Contemporary Urban Indigenous 'Dreamings': Connection, Ceremony and Practice
My son Ngiyaani is turning ten years old and already has played football, both rugby and soccer for five years. Ngiyaani has always played above his own age group with boys who continue to be a year older. At first he would rely on his pace and elusive running to remain not only competitive but at times dominate games having scored over 100 tries early into his fourth season. Last year he asked me if he could play in his own age group for the first time... the year's difference was finally beginning to show as the boys around were became bigger stronger faster. I told Ngiyaani the story of Warabaa the turtle who long ago in the Dreamtime, or 'Burruguu' in my language was the fastest of all the animals... one day Biami 'The Great Creator' saw Warabaa crying alone in the bush, he asked Warabaa what was wrong? The other animals jealous of Warabaas great speed would tease him and he could no longer endure their taunts, explained Warabaa. Biarni told Warabaa that he could give him a large shield to protect him and make him stronger, allow his to stand and face the other animals but this would mean that he would lose his great speed. Biami left Warabaa to think about this proposal. Two days later Biami came back to see Warabaa and asked him his decision, Warabaa said that he was tired of running and he wanted the strength to stay and face those who wanted to humiliate him... Biami provided Warabaa with a great shield that covered his back entirely allowing him to stay and face any challenge no matter how great - this was how Warabaa the Turtle got his shield. 1 Ngiyaani continued to play above his own age group and recently was chosen to play both representative soccer and is currently part of an elite development squad in rugby.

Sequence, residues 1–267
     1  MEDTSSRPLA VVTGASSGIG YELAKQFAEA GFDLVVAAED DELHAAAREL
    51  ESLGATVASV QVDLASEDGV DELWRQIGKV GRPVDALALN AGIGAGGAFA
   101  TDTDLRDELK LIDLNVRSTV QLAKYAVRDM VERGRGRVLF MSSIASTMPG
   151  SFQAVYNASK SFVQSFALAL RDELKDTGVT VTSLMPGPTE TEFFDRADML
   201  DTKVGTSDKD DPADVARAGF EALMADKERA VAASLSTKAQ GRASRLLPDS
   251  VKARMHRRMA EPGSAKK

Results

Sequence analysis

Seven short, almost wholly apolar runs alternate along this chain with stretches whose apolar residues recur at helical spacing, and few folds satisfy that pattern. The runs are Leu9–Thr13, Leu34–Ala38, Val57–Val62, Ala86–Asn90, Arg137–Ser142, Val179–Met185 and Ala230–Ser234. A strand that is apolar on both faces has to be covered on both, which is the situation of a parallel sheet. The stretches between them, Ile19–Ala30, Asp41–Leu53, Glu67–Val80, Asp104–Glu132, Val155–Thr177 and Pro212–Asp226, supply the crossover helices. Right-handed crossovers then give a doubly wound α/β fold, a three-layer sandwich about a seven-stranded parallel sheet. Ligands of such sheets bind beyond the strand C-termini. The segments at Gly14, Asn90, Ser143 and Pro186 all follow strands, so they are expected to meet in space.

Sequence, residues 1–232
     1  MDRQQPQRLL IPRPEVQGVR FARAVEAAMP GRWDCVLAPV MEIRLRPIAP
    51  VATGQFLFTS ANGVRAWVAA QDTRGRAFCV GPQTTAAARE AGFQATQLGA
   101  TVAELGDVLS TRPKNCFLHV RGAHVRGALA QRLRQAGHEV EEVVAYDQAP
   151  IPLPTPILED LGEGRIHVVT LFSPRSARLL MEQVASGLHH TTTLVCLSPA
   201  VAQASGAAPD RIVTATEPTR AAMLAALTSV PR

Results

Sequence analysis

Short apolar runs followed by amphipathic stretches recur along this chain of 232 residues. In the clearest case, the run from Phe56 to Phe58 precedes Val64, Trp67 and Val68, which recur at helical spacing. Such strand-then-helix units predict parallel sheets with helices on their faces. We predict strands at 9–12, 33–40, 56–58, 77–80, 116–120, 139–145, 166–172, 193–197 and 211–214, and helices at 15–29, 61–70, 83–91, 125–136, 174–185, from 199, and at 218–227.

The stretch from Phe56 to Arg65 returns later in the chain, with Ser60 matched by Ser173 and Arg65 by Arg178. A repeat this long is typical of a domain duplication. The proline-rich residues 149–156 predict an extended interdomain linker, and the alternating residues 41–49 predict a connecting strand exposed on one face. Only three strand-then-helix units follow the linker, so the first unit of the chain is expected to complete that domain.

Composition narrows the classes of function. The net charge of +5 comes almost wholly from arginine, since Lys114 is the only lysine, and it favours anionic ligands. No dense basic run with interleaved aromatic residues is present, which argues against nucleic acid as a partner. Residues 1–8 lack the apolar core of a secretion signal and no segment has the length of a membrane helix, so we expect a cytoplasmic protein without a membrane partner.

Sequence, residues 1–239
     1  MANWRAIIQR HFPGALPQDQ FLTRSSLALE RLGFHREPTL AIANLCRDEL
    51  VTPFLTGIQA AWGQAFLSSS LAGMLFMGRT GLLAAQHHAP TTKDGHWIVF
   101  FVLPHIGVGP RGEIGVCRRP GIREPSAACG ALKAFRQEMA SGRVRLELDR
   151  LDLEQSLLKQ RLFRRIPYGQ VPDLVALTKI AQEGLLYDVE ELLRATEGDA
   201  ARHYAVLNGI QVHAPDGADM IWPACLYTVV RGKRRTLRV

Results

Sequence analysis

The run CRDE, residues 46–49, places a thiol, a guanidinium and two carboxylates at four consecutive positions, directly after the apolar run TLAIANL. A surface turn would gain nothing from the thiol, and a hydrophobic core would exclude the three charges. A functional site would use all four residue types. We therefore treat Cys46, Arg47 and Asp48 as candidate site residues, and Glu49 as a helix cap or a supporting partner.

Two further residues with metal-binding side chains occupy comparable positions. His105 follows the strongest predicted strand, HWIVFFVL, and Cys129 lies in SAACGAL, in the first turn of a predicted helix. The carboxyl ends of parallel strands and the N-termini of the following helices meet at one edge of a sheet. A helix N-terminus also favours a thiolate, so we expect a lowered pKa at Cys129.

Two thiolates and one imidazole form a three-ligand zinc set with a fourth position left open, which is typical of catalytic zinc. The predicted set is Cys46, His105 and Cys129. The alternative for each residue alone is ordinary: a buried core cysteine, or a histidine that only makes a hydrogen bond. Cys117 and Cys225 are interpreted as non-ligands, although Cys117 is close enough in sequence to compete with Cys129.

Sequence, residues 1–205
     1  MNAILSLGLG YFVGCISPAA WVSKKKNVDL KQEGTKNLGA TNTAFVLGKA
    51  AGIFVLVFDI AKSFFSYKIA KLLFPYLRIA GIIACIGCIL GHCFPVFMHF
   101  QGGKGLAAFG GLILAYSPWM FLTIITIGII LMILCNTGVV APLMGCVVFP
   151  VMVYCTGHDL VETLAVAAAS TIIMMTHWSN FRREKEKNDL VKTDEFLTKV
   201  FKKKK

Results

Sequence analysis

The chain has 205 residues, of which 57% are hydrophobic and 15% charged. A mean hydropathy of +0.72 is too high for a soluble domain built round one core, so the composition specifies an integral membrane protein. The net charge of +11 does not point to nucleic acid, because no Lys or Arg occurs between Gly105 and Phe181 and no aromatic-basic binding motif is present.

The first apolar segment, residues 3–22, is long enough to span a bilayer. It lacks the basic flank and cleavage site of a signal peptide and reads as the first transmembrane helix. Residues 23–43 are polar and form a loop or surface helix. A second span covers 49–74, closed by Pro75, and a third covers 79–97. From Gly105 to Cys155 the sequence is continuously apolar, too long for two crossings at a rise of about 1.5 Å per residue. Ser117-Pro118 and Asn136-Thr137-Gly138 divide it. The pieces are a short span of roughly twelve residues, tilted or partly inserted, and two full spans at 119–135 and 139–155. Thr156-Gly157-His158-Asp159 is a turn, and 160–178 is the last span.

Aesopic Voices: Re-framing Truth through Concealed Ways of Presentation in the 20th and 21st Centuries
Aboriginal and Torres Strait Islander Cultural Studies